From Paris, Machu Picchu and the treasures of Peru on a condor flight

Paris.- Fly over the citadel of Macchu Picchu in the company of its founder, the emperor Pachacutecor admire pre-Columbian jewelry that never left Peru: a spectacular exhibition on the Inca world and its predecessors opens this weekend in Paris.

“Machu Picchu and the treasures of Peru” is a joint project of World Heritagea promoter of cultural events that achieved great success in Paris with a retrospective dedicated to the Pharaoh Tutankhamun, and the Larco Museum in Lima, which has lent nearly 200 objects of all kinds.

Copper death masks, gold ornaments, huge black porphyry earrings, turquoise necklaces… the retrospective celebrates “the successes of the civilizations of ancient Peru over 3,000 years,” Carole Fraresso, curator of the exhibition and associate researcher at the Larco Museum.

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For the spectacular flight “through the eye of the condor” of Machu Picchu, the culmination of the visit, the organizers took advantage of the exceptional closure, for eight months, of the site, in the midst of the COVID-19.

They filmed the location with a drone, and the footage made for an immersive, virtual experience that is dizzying.

The visitor flies over the place, where the buildings are meticulously reproduced and the crops, the daily life of its inhabitants, the rituals in the splendor of the Incas are simulated.

The world on three levels

However, “the Incas represent 80, 90 years of the history of Peru” that extends over millennia, Fraresso recalls.

Machu Picchu represents the heyday of the empire. But before, for centuries, the Chavin, Nazca, Mochica, Huari, Chimú civilizations flourished…

The exhibition is an introduction to these cultures, with an exceptional sample of their objects, also reproduced in 3D, to unravel their symbology.

The objective is to explain “how the societies of the ancient Peru thought the world”, added the expert.

“The world on three levels: the upper plane, of the heavenly bodies, the lower plane, where the ancestors and the dead meet. And in the middle, men,” he said.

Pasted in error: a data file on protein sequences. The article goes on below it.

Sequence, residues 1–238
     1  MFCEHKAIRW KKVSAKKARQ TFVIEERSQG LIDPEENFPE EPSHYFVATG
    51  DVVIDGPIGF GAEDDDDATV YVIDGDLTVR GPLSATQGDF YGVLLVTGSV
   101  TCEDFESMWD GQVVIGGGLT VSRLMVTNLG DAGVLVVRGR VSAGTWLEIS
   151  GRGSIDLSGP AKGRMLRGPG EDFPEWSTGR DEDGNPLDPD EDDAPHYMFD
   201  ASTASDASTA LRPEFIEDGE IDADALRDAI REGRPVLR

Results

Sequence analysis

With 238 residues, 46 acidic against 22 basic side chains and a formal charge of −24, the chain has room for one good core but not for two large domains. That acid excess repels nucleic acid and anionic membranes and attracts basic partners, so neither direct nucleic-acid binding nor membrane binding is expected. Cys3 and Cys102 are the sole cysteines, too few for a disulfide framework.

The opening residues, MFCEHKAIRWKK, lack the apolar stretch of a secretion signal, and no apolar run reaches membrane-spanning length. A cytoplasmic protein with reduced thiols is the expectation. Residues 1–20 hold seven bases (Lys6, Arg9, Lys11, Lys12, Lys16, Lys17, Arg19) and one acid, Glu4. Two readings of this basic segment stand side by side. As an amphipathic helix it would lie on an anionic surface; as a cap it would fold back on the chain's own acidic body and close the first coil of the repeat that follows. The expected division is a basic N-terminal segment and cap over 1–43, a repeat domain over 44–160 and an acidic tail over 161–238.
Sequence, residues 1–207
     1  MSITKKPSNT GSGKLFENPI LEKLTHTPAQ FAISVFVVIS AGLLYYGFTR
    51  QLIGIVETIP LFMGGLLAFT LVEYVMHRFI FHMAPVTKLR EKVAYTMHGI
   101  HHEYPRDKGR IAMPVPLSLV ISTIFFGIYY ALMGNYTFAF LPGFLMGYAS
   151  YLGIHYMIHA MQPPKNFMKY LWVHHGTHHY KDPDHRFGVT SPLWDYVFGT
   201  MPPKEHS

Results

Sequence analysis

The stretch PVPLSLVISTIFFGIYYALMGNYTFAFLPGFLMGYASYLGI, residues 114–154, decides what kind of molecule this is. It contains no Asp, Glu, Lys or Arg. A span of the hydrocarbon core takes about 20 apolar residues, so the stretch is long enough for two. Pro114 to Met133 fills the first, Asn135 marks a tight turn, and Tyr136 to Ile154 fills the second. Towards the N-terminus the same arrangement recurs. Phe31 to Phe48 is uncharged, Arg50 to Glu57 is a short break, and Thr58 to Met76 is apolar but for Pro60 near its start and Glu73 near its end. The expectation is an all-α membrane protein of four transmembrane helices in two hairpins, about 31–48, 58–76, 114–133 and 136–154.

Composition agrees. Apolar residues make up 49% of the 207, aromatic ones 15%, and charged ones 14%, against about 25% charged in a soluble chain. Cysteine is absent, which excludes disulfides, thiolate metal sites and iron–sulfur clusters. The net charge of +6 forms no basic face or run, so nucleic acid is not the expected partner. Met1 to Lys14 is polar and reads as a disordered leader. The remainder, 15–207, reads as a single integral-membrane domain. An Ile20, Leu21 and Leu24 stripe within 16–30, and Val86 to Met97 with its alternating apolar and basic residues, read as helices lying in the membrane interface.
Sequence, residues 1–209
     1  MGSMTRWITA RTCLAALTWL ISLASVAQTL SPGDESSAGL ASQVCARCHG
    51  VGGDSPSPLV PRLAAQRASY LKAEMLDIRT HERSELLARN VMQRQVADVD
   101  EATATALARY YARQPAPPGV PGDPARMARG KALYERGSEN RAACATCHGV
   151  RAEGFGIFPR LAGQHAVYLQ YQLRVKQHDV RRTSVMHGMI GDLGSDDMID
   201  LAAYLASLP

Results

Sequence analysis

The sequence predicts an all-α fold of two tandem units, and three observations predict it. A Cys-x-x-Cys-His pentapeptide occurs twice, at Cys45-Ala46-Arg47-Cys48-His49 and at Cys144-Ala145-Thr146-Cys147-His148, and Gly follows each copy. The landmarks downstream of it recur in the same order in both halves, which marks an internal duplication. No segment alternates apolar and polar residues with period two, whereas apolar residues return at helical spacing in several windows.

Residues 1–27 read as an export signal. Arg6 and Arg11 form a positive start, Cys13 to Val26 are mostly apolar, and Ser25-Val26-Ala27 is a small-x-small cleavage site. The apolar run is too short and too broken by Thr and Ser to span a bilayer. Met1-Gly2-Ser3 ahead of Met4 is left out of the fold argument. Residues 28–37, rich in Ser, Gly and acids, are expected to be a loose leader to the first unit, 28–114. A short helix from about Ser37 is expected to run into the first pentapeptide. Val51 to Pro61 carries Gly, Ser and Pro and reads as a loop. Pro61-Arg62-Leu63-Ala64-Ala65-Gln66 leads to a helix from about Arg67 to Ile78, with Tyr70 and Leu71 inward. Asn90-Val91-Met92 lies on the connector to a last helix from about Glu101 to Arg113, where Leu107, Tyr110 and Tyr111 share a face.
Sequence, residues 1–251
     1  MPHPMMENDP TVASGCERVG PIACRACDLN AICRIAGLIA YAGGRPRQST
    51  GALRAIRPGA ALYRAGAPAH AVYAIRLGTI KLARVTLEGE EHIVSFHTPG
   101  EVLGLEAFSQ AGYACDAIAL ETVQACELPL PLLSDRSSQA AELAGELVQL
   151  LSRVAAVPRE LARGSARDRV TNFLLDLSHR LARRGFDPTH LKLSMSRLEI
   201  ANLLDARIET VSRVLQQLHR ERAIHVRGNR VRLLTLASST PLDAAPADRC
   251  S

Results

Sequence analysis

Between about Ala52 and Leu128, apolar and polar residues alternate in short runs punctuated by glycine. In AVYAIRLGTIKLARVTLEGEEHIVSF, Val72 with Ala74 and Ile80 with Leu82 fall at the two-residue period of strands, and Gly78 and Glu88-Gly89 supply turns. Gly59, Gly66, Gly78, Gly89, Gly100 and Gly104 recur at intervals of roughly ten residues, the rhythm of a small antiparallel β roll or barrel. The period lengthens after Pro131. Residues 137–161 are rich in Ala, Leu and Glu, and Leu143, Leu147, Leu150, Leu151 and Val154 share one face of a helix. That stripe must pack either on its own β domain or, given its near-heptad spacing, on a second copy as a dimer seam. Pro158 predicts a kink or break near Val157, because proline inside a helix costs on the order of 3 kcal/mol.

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“Men are going to create rituals, activities to be in permanent connection with these different worlds,” he explained.

One of the protagonists of this incessant journey between the earthly world and the afterlife is Ai Apaechero of the mochica culture (100-800 after JC).

Invested with superhuman virtues, Ai Apaec is able to rescue the Sun from the bottom of the ocean and offer it back to humans, through crops.

The exhibition shows examples of such worship, the most perfected cult objects.

“They are agricultural societies, which essentially depend on the cycles of each season,” recalls Fraresso.

The priests observe natural phenomena, the stars, often with a rigor unknown in Europe at the same time.

In addition to libations, with hallucinogenic substances, sometimes you have to appease the gods with sacrifices, of llamas, of children, of virgins who are buried alive.

The daggers of gold or silver, the cups to drink the chicha, richly carved, follow one another throughout the exhibition.

All these civilizations culminate in the Inca empire, made up of “incredible managers and soldiers who guarantee the expansion and administration of a vast territory of more than 900,000 km2,” says Fraresso.

Machu Picchu is built around 1450. Just before the arrival of the conquerors, who put an end to one of the greatest civilizations of humanity.

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